Absorber overhead product 42 from the flash absorber 32 is compressed by compressor 44 to within a range of approximately 280-300 psia. Compressor 44 is controlled by pressure controller 46, which controls the pressurization control 48 on the compressor 44. Compressed absorber overhead product 50 from the flash absorber 32 is joined with demethanizer overhead product 52 to form LNG product stream 26. As discussed above, LNG product stream 26 is passed through heat exchanger 24 and condensed. Condensed LNG product stream 54 feeds into LNG surge drum 56 at LNG product outlet 55. LNG surge drum 56 operates in a pressure range of approximately 260 to 280 psia and a temperature range of approximately −180 to −195° F. A first portion 58 of condensed LNG product stream 54 may be cooled by feed preheater 16. The cooled first portion 60 feeds into flash absorber 32 to increase absorption and separation of heavier hydrocarbons, particularly ethane, thus increasing the ethane concentration of the bottom product and increasing the methane concentration of the overhead product.
A second portion 62 of condensed LNG product stream 54 is pumped by LNG reflow pump 64, and may optionally be cooled by LNG reflow cooler 66, then feeds into demethanizer 40. LNG reflow cooler 66 may be used as a matter of convenience, but demethanizer feed preheater 38 and heat exchanger 24 may be utilized to provide adequate control of temperature conditions in demethanizer 40. As with the LNG reflow in flash absorber 32, use of LNG reflow in demethanizer 40 increases heavier hydrocarbon concentration in the demethanizer bottom product 72 and increases methane concentration in demethanizer overhead product 52 while allowing demethanizer 40 to operate at lower pressures than would otherwise be required. Side reboiler 68 and demethanizer feed preheater 38 allow reduced duty cycles in bottom reboiler 70.
Alternatively, reflow of either the first portion 58 or the second portion 62 of the condensed LNG product stream 54 may be omitted. If reflow of the first portion 58 of the condensed LNG product stream 54 is omitted, there will be no reflow to the flash absorber 32. If reflow of the second portion 62 of the condensed LNG product stream 54 is omitted, there will be no reflow to the demethanizer 40. In either case, the overall efficiency of the NGL recovery would be lessened relative to that available by using both reflows.
Demethanizer bottom product 72 may be pumped by NGL product pump 74 to NGL terminal 76 for delivery as Y-grade NGL product. Similarly, LNG product 78 is delivered to LNG terminal 80. An alternative treatment of the NGL product may be provided by delivering demethanizer bottom product 72 to a deethanizer 82 (details not shown) and using ethane delivery pump 84 and NGL delivery pump 88 to deliver ethane and Y-grade NGL product to ethane terminal 86 and Y-grade NGL product terminal 90 respectively.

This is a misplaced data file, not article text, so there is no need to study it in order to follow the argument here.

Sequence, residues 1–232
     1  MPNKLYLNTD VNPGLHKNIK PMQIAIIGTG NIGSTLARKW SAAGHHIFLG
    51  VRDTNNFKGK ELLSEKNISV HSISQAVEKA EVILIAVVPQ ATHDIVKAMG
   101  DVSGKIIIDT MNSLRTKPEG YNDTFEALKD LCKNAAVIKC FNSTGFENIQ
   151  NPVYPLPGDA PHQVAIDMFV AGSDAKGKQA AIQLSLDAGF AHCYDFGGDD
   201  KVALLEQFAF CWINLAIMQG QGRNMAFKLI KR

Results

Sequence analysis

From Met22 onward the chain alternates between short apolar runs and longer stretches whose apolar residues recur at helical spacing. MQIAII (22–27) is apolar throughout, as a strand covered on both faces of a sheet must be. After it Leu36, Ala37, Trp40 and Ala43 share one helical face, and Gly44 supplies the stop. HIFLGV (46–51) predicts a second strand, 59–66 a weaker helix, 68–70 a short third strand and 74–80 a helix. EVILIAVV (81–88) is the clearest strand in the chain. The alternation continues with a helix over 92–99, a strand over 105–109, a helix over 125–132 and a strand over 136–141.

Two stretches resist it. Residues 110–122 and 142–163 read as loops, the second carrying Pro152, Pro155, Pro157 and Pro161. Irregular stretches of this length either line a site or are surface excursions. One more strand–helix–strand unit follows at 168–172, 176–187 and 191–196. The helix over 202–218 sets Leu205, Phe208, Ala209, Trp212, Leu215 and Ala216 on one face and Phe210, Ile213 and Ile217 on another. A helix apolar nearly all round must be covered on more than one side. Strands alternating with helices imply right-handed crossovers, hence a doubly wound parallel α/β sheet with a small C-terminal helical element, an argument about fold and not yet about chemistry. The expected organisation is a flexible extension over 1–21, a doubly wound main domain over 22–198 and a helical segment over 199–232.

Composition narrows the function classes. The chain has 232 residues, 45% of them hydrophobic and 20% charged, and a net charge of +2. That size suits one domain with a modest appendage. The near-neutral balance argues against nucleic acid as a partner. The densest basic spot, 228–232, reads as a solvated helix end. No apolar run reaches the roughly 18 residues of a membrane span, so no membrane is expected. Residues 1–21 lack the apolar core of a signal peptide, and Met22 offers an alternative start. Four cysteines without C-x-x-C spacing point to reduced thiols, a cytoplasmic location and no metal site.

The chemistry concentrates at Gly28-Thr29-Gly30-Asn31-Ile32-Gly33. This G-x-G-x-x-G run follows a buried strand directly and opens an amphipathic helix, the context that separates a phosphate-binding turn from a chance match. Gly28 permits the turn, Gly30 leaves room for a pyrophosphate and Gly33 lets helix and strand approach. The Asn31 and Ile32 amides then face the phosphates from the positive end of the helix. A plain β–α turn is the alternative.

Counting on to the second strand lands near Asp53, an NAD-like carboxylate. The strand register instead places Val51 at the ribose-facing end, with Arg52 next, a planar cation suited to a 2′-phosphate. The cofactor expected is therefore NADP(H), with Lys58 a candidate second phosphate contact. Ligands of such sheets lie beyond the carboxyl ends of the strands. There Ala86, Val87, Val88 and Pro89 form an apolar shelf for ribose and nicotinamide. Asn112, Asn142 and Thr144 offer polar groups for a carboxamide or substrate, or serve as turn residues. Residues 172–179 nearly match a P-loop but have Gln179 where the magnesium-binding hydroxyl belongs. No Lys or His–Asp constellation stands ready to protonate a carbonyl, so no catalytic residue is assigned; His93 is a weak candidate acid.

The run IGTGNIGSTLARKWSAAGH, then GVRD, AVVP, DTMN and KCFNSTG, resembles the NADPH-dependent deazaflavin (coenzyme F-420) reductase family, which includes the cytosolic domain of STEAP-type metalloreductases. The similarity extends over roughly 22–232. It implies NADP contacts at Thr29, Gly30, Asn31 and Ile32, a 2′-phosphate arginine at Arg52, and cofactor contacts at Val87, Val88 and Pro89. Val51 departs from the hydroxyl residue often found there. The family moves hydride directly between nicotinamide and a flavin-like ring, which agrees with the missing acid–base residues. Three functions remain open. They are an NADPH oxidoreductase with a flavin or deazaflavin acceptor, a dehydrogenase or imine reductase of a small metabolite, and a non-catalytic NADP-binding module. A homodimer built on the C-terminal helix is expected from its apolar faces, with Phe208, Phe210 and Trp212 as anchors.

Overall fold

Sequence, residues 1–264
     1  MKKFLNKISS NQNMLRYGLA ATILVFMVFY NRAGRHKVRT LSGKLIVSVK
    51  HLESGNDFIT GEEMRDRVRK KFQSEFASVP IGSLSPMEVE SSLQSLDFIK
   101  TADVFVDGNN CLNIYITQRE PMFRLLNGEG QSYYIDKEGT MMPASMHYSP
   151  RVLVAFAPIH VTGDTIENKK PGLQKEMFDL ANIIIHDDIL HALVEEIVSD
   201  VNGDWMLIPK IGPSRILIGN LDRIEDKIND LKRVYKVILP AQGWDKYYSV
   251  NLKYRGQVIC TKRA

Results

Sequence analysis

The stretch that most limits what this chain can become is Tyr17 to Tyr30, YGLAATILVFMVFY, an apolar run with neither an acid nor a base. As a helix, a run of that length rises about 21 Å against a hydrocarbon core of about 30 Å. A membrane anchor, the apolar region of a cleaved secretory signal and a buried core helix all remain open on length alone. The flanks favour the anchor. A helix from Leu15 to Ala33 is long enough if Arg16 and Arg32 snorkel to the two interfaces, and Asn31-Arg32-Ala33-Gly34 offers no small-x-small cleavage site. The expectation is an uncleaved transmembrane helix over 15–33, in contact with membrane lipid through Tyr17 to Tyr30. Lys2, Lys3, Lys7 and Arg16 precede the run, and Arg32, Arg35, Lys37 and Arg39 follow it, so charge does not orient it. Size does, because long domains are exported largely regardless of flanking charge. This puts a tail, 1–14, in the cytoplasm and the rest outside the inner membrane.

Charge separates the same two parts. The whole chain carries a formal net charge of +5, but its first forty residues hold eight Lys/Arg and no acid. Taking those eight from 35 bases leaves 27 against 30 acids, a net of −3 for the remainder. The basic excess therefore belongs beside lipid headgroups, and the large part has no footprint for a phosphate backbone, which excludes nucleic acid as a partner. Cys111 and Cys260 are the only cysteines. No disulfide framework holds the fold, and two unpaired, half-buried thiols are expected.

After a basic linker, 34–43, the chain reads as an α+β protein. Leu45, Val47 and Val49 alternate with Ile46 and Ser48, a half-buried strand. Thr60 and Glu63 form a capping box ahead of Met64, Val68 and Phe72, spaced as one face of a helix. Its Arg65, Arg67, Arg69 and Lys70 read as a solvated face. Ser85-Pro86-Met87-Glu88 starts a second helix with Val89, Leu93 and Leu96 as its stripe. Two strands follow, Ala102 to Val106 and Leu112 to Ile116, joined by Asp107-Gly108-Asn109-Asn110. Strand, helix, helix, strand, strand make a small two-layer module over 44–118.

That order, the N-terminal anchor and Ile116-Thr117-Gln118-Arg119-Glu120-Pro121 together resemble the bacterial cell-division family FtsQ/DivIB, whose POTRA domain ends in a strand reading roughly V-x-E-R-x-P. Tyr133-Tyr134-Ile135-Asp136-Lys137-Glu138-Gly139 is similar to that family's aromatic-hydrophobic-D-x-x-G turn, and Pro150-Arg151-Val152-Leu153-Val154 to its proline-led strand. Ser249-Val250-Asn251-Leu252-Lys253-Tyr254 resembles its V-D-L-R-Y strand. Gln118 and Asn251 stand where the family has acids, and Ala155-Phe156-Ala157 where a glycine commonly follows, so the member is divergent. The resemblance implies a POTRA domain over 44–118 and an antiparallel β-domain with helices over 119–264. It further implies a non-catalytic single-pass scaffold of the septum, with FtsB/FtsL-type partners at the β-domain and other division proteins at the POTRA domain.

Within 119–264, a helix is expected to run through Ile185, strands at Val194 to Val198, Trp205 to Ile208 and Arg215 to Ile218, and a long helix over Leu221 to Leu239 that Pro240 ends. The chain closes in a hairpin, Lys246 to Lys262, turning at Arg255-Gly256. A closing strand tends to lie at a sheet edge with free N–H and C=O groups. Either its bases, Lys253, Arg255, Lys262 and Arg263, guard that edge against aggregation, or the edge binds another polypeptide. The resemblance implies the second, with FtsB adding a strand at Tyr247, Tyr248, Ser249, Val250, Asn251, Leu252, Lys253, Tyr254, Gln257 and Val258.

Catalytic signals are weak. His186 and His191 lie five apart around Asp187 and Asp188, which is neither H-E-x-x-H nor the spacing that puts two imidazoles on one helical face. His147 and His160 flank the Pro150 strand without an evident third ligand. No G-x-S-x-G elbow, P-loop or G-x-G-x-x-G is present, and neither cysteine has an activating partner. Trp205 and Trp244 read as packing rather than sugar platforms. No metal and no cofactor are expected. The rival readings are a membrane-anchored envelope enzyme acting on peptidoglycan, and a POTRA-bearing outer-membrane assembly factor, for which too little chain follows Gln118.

Those of skill in the art will recognize that heat exchange relationships may be altered in the above description without departing from the spirit of the invention, so long as flow streams are heated and cooled appropriately to maintain desired operating conditions. Accordingly, selection of various flow streams used in heat exchangers as described above is a matter of engineering preference and efficiency.
The above examples are included for demonstration purposes only and not as limitations on the scope of the invention. Other variations in the construction of the invention may be made without departing from the spirit of the invention, and those of skill in the art will recognize that these descriptions are provide by way of example only.
|Cited Patent||Filing date||Publication date||Applicant||Title|
|US5114451 *||Mar 12, 1990||May 19, 1992||Elcor Corporation||Liquefied natural gas processing|
|US5442924||Feb 16, 1994||Aug 22, 1995||The Dow Chemical Company||Liquid removal from natural gas|
|US6662589 *||Apr 16, 2003||Dec 16, 2003||Air Products And Chemicals, Inc.||Integrated high pressure NGL recovery in the production of liquefied natural gas|
|US7155931 *||Sep 30, 2003||Jan 2, 2007||Ortloff Engineers, Ltd.||Liquefied natural gas processing|
|US20060000234 *||Jun 3, 2005||Jan 5, 2006||Ortloff Engineers, Ltd.||Liquefied natural gas processing|
|US20060260355 *||May 19, 2005||Nov 23, 2006||Roberts Mark J||Integrated NGL recovery and liquefied natural gas production|
|U.S. Classification||62/625, 62/634|
|Cooperative Classification||F25J2290/62, F25J2200/76, F25J2200/04, F25J3/0238, F25J2200/78, F25J2200/70, F25J3/0214, F25J3/0233, F25J2280/02, F25J2245/02|
|European Classification||F25J3/02A2L, F25J3/02C2, F25J3/02C4|
|Mar 1, 2006||AS||Assignment|
Owner name: TECHNIP USA CORPORATION, TEXAS
Free format text: ASSIGNMENT OF ASSIGNORS INTEREST;ASSIGNOR:NANDA, RAJEEV;REEL/FRAME:017645/0230
Effective date: 20060227
Owner name: TECHNIP USA CORPORATION, TEXAS
Free format text: ASSIGNMENT OF ASSIGNORS INTEREST;ASSIGNOR:NANDA, RAJEEV;REEL/FRAME:017645/0220
Effective date: 20060227
|Dec 5, 2012||SULP||Surcharge for late payment|
|Dec 5, 2012||FPAY||Fee payment|
Year of fee payment: 4